Review: Rhozet Carbon Coder 3
Back to the performance table, the next two lines illustrate performance efficiencies when producing files in multiple formats. As you can see, when producing one file to Windows Media, H.264, and Flash VP6 using the On2 software development kit (SDK), Squeeze was actually faster than Carbon Coder, primarily because Carbon Coder is less efficient than Squeeze when producing single Flash files using the On2 Flash SDK.
Probably for this reason, Rhozet switched to the Adobe SDK, which is multithreaded, allowing multiple cores to help produce the same file, and it supports only one-pass encoding. I discuss the qualitative aspects of this switch in what follows, but it’s obviously a winner when it comes to reducing encoding time.
Expanded Watch Folder Functionality
Most Carbon Coder systems are utilized by workgroups via watch folders, and this version of Carbon Coder features a significant upgrade to watch-folder functionality. For example, you can now add leading and trailing clips to each encoded file and apply audio and video filters to your source files, neither of which you could do in previous versions.
Now, you can also retrieve files from folders or FTP sites for encoding rather than simply encoding files placed in local folders—an awesome feature for service bureaus and others encoding files from remote locations. You can also set email notifiers for starting, completion, and/or errors and execute a command line to run a script after encoding, which is useful for integrating encoding with other applications.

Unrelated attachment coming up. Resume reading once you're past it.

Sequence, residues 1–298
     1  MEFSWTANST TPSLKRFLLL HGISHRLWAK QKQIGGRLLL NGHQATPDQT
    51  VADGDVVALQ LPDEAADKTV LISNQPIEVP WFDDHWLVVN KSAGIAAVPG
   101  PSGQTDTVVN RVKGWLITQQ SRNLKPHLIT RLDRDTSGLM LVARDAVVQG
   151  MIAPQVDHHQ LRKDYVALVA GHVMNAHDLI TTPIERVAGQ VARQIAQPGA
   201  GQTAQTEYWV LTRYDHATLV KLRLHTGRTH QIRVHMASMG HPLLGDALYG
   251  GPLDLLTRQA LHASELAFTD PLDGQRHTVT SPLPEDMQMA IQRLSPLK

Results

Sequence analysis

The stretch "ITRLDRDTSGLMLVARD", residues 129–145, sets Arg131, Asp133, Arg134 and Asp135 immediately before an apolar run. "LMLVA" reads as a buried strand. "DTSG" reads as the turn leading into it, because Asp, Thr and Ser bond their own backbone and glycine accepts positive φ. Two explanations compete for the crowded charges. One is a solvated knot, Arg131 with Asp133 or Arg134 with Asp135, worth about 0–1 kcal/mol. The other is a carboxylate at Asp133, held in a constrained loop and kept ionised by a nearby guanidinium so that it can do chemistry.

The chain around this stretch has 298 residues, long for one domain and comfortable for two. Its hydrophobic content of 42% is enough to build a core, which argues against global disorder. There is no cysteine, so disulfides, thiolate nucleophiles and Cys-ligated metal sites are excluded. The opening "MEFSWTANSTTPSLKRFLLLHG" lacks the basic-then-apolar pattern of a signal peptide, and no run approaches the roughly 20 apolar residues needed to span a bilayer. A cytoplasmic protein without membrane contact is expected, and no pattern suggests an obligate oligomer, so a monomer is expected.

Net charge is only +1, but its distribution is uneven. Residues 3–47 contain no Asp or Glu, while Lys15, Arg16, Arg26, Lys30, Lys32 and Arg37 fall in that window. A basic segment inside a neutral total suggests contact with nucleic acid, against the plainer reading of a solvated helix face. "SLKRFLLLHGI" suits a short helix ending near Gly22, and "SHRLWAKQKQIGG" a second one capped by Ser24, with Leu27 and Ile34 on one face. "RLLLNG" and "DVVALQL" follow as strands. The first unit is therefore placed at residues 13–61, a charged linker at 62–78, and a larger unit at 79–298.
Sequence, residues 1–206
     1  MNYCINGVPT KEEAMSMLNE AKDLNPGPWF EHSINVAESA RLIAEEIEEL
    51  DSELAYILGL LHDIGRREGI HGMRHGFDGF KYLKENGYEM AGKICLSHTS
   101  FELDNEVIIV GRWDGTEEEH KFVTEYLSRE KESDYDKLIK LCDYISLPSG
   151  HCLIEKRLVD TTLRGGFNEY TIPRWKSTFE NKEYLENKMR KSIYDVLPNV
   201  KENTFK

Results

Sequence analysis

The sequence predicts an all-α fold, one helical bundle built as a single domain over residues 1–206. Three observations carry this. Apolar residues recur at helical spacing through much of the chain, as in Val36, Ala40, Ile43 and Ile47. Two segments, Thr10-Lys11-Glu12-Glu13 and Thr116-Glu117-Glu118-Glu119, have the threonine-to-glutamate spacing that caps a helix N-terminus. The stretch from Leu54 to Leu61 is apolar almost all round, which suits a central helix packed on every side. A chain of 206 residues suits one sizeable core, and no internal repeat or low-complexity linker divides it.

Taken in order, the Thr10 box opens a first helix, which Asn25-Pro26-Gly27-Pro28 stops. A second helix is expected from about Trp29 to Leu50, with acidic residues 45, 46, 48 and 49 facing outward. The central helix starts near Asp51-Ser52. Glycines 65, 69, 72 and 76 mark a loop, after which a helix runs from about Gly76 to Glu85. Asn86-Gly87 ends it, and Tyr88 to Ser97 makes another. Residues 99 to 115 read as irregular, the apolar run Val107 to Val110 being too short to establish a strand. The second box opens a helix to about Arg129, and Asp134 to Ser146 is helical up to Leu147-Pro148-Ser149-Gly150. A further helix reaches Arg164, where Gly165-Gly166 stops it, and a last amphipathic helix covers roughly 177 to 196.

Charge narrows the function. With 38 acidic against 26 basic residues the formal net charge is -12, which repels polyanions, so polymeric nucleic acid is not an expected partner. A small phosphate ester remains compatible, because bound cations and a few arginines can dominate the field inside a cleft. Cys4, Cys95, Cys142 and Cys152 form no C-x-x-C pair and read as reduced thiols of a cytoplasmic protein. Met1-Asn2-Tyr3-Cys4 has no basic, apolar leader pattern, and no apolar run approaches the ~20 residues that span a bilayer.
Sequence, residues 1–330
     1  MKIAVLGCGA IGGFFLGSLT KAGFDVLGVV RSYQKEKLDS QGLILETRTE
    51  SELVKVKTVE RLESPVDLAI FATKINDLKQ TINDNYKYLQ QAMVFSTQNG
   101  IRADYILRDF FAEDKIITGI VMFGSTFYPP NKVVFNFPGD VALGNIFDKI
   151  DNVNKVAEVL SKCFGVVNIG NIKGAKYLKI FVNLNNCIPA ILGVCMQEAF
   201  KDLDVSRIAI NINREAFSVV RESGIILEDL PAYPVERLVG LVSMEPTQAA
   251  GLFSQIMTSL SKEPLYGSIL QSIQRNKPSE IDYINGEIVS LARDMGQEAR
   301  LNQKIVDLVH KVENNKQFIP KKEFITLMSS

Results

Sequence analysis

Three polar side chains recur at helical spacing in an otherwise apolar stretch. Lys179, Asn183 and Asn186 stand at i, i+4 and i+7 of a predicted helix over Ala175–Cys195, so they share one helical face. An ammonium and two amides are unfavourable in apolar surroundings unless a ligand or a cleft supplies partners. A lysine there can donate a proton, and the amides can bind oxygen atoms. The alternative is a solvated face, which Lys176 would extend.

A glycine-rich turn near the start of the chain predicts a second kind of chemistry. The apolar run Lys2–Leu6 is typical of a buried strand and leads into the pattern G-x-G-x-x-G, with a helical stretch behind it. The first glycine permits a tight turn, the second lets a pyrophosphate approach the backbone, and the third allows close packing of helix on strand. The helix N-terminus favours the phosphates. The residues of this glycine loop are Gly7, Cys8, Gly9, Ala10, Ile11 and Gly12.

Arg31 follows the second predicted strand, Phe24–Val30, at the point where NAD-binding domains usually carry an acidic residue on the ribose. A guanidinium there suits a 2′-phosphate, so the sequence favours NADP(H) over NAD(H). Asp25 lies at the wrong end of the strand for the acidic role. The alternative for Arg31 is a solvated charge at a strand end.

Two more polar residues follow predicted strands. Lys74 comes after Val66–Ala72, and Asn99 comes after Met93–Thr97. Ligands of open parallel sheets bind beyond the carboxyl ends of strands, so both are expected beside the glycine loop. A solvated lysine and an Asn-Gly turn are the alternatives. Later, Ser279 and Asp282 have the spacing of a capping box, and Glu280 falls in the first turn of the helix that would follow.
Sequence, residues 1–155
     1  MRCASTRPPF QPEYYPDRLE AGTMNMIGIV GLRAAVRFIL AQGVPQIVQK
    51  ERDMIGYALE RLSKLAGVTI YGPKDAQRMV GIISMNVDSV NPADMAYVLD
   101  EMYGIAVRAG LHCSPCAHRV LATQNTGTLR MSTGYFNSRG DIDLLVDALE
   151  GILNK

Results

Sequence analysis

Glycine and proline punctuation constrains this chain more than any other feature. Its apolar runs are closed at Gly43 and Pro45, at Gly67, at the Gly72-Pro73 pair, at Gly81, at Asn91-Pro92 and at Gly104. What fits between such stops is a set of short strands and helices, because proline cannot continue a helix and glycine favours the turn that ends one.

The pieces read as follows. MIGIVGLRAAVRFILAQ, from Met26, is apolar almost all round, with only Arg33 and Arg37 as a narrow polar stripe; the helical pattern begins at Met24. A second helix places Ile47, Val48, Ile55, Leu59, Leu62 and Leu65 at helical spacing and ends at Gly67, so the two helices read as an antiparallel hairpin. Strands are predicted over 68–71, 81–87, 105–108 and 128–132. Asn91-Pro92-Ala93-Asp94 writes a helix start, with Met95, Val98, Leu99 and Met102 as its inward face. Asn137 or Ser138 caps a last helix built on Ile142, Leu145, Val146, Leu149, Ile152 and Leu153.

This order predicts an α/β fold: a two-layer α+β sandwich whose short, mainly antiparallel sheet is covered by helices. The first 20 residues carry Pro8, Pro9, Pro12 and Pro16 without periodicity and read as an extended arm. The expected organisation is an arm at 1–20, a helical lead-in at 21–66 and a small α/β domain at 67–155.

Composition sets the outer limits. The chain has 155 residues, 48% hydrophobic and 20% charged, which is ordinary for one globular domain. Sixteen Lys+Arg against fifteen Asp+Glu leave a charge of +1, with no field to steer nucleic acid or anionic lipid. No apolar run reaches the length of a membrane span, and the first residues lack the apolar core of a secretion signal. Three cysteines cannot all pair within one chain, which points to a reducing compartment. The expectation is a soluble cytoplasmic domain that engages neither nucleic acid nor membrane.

In addition, you can add multiple targets to a watch folder, each with their own filters, notifiers, and delivery options, which include file delivery to remote locations on the network or FTP. You can even tag jobs to assign certain files to different encoding stations in your server farm, which is useful when only one station has licensed a particular codec or has a compression accelerator card such as the Tarari Windows Media co-processor.
Finally, you can now create and edit presets in Carbon Administrator; in previous versions, you had to do this in Carbon Coder. Overall, the watch folder is a key interface for many Carbon Coder users, and now, it’s much more functional.
All of this is nice, but to borrow from the high school Latin course that I did not take, the sine qua non of encoding tools is output quality. In other words, the sizzle is impressive, but how is the steak? Turns out it’s quite satisfying, actually, but with one or two spots of gristle. Let’s start with a look at deinterlacing quality.
You apply deinterlacing as a filter with several algorithms to choose from. While previewing these, I was reminded that Carbon Coder (and ProCoder) could use some work on the preview function, which shows letterboxes atop and below the video window, leading me to worry about whether they will appear in the final video (fortunately, they don’t).
I tried all available deinterlacing methods and found adaptive to be the best. The result was very good, though uninspired. That is, Rhozet avoided any artifacts that mar Sorenson Squeeze’s deinterlacing quality, but programs such as Telestream Episode and Apple Compressor (in the glacial "best" deinterlacing mode) produce slightly smoother diagonal lines. This is nothing average viewers would notice, however, unless they saw side-by-side comparisons and shared my admittedly hyperanalytic focus on deinterlacing quality.
In the meantime, compressing my standard test file to Flash, Windows Media, and H.264 formats yielded generally good results. As mentioned, Carbon Coder now uses the Adobe Flash SDK, which offers a simpler interface and lets you open multiple instances of the encoder, which you couldn’t do with the On2 SDK.
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